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British Medievalism: A Subject Guide

Aubrey Beardsley and the Aesthetic Movement

Frederick H. Evans, photographer.[Photograph of Aubrey Beardsley]. In Andre Thevet, Les vrais pourtraits et vies des hommes illustres grecs, latins et payens. [ca. 1895]. Library of Congress Prints and Photographs Division.

Aubrey Vincent Beardsley was born in Sussex, England in 1872; he died of chronic tuberculosis only twenty-five years later. Despite his delicate health, during his short life he became England's leading illustrator in the 1890's.

Interested in drawing since childhood, Beardsley met the Pre-Raphelite artist Edward Burne-Jones in 1891 and began attending drawing classes at the Westminster School of the Arts. Only two years later, Beardsley was commissioned by the book publisher J.M. Dent to create ink drawings to illustrate a popularized version of Sir Thomas Malory's Morte d'Arthur translated by William Caxton. A defining moment in his career and in the history of book illustration, the edition contained 16 full-page illustrations, 4 double-page illustrations, 43 lavish border designs, 288 decorated initials, headpieces, and in-text embellishments all in the recognizably "Beardsley style."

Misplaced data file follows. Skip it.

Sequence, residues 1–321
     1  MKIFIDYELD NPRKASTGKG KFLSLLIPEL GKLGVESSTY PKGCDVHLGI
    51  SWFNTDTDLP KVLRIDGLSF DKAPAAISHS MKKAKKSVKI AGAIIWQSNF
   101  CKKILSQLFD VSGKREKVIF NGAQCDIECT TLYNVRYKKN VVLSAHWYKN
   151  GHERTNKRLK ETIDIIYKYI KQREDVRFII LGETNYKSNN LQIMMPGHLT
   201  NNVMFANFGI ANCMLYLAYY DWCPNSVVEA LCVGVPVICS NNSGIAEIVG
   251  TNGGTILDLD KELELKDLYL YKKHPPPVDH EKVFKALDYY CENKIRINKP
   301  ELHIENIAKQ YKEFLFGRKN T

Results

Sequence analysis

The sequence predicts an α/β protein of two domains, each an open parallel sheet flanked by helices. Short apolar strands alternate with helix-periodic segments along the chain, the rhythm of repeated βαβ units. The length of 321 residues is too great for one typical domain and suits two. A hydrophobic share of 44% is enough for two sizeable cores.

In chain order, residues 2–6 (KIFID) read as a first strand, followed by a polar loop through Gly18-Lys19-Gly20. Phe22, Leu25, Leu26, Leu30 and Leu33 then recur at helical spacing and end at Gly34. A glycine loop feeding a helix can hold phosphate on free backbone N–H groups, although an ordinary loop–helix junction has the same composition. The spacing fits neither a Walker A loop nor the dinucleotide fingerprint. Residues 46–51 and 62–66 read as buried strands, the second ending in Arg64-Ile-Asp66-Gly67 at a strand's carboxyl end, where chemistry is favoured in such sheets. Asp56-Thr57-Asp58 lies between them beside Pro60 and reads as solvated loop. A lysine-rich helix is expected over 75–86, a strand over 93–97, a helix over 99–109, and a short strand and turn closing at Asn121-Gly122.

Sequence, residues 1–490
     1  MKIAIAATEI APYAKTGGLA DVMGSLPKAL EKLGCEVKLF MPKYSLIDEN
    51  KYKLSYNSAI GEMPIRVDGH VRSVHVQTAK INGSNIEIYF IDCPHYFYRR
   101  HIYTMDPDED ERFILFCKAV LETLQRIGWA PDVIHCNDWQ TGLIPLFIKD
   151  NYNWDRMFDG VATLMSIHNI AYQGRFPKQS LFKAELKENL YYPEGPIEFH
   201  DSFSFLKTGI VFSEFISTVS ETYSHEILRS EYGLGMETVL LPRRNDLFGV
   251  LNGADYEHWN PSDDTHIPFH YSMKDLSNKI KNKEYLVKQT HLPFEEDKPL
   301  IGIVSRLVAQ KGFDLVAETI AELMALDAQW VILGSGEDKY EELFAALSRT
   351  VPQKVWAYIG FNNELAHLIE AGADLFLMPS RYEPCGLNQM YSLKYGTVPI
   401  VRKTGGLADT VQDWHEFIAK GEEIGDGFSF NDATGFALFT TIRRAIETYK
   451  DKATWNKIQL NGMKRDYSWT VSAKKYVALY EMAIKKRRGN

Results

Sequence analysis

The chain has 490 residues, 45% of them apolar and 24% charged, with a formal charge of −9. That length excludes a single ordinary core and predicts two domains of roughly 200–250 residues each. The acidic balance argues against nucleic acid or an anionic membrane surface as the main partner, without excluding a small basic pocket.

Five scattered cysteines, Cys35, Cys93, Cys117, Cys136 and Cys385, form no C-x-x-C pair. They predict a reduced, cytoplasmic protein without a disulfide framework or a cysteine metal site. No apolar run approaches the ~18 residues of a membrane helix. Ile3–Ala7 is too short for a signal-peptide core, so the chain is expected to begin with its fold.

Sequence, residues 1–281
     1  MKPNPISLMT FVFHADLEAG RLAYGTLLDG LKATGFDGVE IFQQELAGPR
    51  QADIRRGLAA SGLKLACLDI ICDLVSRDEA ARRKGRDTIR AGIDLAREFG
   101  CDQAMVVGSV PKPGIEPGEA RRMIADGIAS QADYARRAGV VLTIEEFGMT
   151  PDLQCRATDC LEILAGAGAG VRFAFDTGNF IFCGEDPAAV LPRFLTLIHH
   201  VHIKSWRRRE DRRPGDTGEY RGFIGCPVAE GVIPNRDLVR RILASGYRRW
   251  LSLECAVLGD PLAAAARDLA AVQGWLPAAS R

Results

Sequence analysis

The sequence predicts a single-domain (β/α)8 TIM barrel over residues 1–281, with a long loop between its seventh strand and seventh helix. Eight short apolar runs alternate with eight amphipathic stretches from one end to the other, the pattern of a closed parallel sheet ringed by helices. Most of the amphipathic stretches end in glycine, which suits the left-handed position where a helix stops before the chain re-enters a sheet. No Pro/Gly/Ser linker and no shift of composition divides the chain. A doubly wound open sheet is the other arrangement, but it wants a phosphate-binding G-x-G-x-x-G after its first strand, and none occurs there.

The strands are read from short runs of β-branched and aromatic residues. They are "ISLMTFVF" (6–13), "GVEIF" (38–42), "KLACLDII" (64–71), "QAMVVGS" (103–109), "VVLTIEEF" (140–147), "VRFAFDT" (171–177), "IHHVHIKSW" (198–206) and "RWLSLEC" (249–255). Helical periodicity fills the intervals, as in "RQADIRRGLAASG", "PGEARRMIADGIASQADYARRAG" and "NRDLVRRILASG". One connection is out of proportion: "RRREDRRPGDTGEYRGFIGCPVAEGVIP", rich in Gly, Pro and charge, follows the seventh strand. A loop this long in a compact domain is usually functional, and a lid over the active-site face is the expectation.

Beardsley's drawings for Malory's Morte d'Arthur intentionally echo the black outlines of the woodcuts from the 1498 edition of the poem printed by Wynkyn de Worde. For comparison, a digitized copy of the 1498 edition External is available at the John Rylands Library at the University of Manchester in England.

While Beardsley's illustrations echo earlier versions of Malory's famous Arthurian legend, his drawings are recognizably complicated, provocative, and decadent. His style is influenced by both the work of the Pre-Raphaelites and by Japanese woodblock prints. While some critics have interpreted Beardsley's departure from traditional visual interpretation of the text as being evidence that he did not in fact read the poem, others have suggested that Beardsley's designs are a response to the complex Victorian attempt to adopt chivalric tropes as an emblem of social integrity. This view of Beardsley's designs as presenting a complicated medievalism further suggests that in his Art Nouveau style, Beardsley is implying that the institution of knighthood is not--or perhaps should not be--the Victorian ideal.

Sir Thomas Malory,The birth, life, and acts of King Arthur .Translated by William Caxton. Illustrated by Aubrey Beardsley. [London : J. M. Dent & Company] 1893-94.. Library of Congress Rare Book and Special Collections Division.

Related Library of Congress Resources

Researchers interested in the work of Aubrey Beardsley may also be interested in these related resources from the Library of Congress: